More than 20 years after intoning, “The water’s getting warm, so you might as well swim,” Smash Mouth’s “All Star” continues to be prophetic. Case in point: A new study finds that the Atlantic Ocean just had its hottest decade in at least 2,900 years. Someone award Smash Mouth a PhD and calculate the h-index of their discography immediately.
The new findings, published in the Proceedings of the National Academy of Sciences on Monday, rely on a mix of ice and sediment cores as well as thermometer data to track the state of the Atlantic. The ocean has gone through a well-known up-and-down swing in sea surface temperature, known as the Atlantic multidecadal oscillation. Plotted over hundreds of years, the AMO looks like a pretty steady wave pattern. In its warm phase, it can lead to a greater number of intense hurricanes, while the opposite is true in its cool phase. In addition to hurricanes, the phase of the AMO also influences temperature and precipitation over landmasses both immediately adjacent to the ocean and as far away as India.
So the state of the AMO is big deal, especially knowing where it’s heading in a warming climate. To get a handle on where the AMO has been, the researchers turned to a surprising source: the sediment in a lake on Ellesmere Island in the Canadian Arctic. The region is one of the areas heavily influenced by shifts in Atlantic Ocean temperatures. When the Atlantic runs hot, it creates higher pressure over the region, resulting in thinner snowpack; less snowpack means less sediment runoff.
Researchers were able to analyze titanium in layer upon layer of lake sediment to create a time series of the past 2,900 years of Atlantic Ocean temperatures. The finding show the wave pattern of warm and cool periods extends into the past, including a big dip in the heart of the Little Ice Age that ran from 1300 until about 1860. Since then, it’s been rising steadily up, with a sharp peak in the past few decades.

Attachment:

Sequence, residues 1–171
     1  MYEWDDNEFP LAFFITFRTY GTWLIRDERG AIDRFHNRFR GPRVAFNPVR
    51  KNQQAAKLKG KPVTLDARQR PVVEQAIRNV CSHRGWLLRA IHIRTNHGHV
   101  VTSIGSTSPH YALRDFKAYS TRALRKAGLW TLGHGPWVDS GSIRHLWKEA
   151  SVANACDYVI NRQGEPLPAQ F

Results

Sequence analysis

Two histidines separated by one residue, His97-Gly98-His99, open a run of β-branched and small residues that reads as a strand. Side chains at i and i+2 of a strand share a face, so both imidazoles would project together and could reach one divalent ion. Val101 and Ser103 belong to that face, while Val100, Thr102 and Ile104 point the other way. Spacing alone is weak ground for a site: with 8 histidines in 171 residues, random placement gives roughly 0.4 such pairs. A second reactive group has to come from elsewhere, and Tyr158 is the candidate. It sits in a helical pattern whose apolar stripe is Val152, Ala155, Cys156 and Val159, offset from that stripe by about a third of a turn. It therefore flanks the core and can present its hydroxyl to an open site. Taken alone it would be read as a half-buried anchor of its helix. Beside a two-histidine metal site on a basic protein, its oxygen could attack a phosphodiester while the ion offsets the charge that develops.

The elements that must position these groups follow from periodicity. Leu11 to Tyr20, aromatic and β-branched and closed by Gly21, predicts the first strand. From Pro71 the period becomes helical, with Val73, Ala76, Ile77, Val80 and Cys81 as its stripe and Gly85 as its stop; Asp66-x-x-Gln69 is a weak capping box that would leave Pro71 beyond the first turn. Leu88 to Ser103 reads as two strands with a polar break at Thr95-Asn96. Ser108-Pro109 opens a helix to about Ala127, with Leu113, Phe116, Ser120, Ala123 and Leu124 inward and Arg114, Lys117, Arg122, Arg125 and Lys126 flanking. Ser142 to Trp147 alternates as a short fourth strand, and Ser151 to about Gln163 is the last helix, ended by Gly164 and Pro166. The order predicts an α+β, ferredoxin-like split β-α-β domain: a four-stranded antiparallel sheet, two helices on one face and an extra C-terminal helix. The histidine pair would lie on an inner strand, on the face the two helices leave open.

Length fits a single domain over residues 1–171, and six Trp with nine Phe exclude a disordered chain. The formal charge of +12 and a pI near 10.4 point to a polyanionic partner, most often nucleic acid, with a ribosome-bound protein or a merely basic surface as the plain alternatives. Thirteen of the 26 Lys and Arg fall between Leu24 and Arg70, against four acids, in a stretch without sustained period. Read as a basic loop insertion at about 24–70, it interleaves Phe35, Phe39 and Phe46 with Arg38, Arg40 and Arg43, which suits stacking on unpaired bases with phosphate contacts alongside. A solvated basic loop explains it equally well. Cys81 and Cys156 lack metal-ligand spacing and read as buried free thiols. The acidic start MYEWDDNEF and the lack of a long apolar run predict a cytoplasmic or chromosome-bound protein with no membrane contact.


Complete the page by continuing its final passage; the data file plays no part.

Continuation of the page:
The scientists also compared parts of the new Canadian Arctic to shorter, higher-resolution sediment cores from other locations, including one from off the southern coast of Iceland that covers the past 230 or so years. That record relies on Turborotalita quinqueloba, a tiny, cold-water-loving shelled creature, as a proxy for temperature. The core shows a drop in their numbers over the past century, with the rate of disappearance speeding up.
Taken together, the results show that “recent Atlantic warming is unparalleled” in at least 2,900 years. There are natural factors that could be influencing the shift, but it’s impossible to not consider the impact of climate change. The hallmark of climate change is heat, especially in the oceans. Marine heat waves have become more common and intense. Findings published just last month show rising heat is causing the oceans to stratify. Arctic sea ice plunged to its second lowest levels on record in September as well, again due to hotter oceans.
The new findings add to the growing tire fire that is the world’s oceans. In the case of the Atlantic, the increasing heat raises concerns about how precipitation patterns could shift in places dependent on rain-fed agriculture, as well as the risk of more intense hurricanes in the basin. Of course, these were always going to be of concern on a rapidly overheating planet, but the new study shows just how far outside the bounds of the past climate we are.